For the next two years, a team of researchers studying red snapper — the sweet and nutty star of seafood menus that also happens to be at the center of a heated regulatory battle — will do the seemingly impossible: Count the number of fish swimming in the Gulf of Mexico.
The $10 million study, meant to provide an independent tally for fishermen around the gulf, may ultimately offer the largest fish survey ever performed, and lead to more accurate counting tools for the complex job of assessing fish stocks. It’s also a allowing a few powerful ones to control lucrative catch limits traded like shares in the stock market.
“It’s a very touchy subject,” said Bob Spaeth, former owner of the Madeira Beach Seafood Co. on Florida’s Gulf Coast and executive director of the Southern Offshore Fishing Association. “We have some unintended consequences.”
Red snapper once filled the gulf and supplied an industry that made fried, grilled or blackened snapper a staple at seafood restaurants and markets. But by the 1980s, the population had dropped to unsustainable numbers, with an absence of long-lived adults, which can live to age 50. That spawned years of shifting regulations, scrutinized stock assessments and debates between commercial and recreational fishermen who were regulated differently.
Meanwhile, prices soared and counterfeit fish abounded. In 2004, students at the University of North Carolina playing around with new DNA techniques discovered that 77 percent of fish sold as snapper were actually something else.
“It became just a real conundrum. And it’s not a scientific issue. It’s a management issue,” said University of Florida fishery scientist Will Patterson, who is assembling a fleet of remote-controlled underwater vehicles and other tools as part of the research team that includes Texas A&M, Louisiana State, the University of Southern Alabama, University of Southern Mississippi and National Marine Fisheries Service.
Under existing rules, state and federal waters have different seasons and catch limits. That has created an imbalance between commercial fishermen, who are restricted to federal waters, and recreational anglers and charter boats.
Commercial fishermen are limited to federal waters, where the Gulf of Mexico Fishery Management Council sets limits. For years, snapper season was limited to the first week of the month during spring and fall, sending boats scrambling to grab as many fish as possible.
In 2007, with little progress made in increasing the population, the council turned to assigning individual fishing quotas for commercial fishermen. But that led to quotas being hoarded by a small number of fishermen, who then sold the limits like shares at a high price.
“The problem is there’s like 20 people that own most of the red snapper [quotas] and because of the regulations, any new red snapper that would be allocated would go to those people,” Spaeth said.
As rules tightened in federal waters, states under pressure from local recreational anglers began extending the season. Texas, where the population is older and larger, keeps its season open year-round. Then extended state seasons led federal managers to tighten rules to keep the population healthy. This year, federal waters were open to recreational anglers for just three days.
“It’s kind of this weird circle,” Patterson said. “If there was a hard quota, the season had to close and annual catch limits had to be set below the overfishing threshold. There had to be some buffers.”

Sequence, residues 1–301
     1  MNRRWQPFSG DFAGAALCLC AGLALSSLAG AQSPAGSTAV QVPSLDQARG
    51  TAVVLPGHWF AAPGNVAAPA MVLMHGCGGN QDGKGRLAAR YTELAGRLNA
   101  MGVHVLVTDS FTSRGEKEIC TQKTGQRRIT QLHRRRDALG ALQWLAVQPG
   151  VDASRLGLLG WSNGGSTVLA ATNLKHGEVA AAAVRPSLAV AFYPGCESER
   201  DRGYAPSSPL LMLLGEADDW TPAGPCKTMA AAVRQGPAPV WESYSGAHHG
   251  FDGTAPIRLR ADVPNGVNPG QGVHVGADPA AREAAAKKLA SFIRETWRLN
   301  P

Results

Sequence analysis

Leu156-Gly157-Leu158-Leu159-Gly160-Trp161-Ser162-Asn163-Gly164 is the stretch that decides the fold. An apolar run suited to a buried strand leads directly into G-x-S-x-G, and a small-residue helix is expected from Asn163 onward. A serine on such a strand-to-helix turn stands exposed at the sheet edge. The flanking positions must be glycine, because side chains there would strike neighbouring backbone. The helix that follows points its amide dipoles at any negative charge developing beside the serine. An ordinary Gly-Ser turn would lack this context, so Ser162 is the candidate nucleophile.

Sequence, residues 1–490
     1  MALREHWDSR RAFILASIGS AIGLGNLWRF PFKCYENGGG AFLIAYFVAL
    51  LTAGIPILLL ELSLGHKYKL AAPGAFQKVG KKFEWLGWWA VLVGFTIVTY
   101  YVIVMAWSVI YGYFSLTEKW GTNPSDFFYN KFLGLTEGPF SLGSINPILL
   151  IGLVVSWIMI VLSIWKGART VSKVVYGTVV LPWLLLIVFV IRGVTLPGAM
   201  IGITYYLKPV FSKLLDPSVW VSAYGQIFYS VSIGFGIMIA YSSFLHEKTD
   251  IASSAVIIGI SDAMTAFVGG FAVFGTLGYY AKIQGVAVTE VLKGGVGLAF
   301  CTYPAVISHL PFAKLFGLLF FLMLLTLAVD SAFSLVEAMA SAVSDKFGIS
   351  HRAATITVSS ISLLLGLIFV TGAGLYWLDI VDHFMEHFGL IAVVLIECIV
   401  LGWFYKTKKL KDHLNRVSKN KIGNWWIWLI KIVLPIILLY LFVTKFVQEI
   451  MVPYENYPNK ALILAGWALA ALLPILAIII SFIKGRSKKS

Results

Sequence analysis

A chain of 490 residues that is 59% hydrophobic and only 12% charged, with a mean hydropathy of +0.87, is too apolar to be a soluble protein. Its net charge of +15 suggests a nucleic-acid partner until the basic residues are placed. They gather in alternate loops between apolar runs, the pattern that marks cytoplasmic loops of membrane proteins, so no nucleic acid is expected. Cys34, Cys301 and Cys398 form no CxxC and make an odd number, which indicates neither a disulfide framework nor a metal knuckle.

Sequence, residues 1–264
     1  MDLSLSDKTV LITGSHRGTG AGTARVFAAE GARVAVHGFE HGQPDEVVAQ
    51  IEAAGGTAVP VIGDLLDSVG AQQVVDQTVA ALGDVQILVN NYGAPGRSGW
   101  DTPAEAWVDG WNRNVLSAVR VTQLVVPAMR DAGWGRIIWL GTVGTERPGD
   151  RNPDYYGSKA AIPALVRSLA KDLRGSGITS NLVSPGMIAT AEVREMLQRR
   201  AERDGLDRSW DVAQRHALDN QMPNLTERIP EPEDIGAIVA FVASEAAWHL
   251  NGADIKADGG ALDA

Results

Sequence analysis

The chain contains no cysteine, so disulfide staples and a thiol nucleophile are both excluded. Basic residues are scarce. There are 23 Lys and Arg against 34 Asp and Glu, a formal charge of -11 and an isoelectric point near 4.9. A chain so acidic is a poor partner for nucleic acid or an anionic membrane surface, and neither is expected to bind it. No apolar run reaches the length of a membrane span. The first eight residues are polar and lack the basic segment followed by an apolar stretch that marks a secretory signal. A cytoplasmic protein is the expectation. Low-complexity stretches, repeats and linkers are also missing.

Outraged recreational anglers convinced the Trump administration to step in and order the season extended, despite the National Oceanic and Atmospheric Administration citing the highest catch rate in 10 years.
Spaeth says that should serve as a sign of snapper recovery.
“They have overpopulated the bottom,” he said. “My theory is there’s a piece of the bottom, a coral reef or whatever, and there’s only so much and it has a carrying capacity, like so many rooms in a hotel. And it looks like the red snapper are parked in the hotel and none of the other fish can get in.”
But NOAA reports younger fish continue to outnumber older fish, with most of the population under age 10, meaning fewer eggs are being produced. A bigger, 10-year-old fish produces 33 times more eggs than a 3-year-old during the season, the agency said. Determining the makeup of the population would help regulators who are considering easing restrictions.
For the study, Patterson and colleague Robert Ahrens, a fishery scientist who designed the survey, will use a combination of counting methods that include underwater cameras, acoustic sensors, mark-and-capture surveys and old-fashioned line fishing to create fish indexes for different habitats. Models will be created to predict populations and account for the size of the area being covered, but only after survey methods are tested for accuracy, Ahrens said.
“The hope coming out of this is we’ll get a number that will help people think more about red snapper, and along with that we’ll develop some new methods and technologies that later down the road will be useful” for monitoring other fish, he said.
Patterson suspects their findings won’t differ much from current population counts. Scientists have repeatedly looked at counts in different ways, he said, and always have wound up with similar numbers, never finding any signs of bias that influenced results. Whether the count changes the assessment is not as important as the survey itself, he said, which is intended to provide a more rigorous, and less debatable, outcome.
“We’re doing our best to collect unbiased information,” Patterson said. “The legacy of this funding is going to be much greater than just establishing the red snapper biomass.”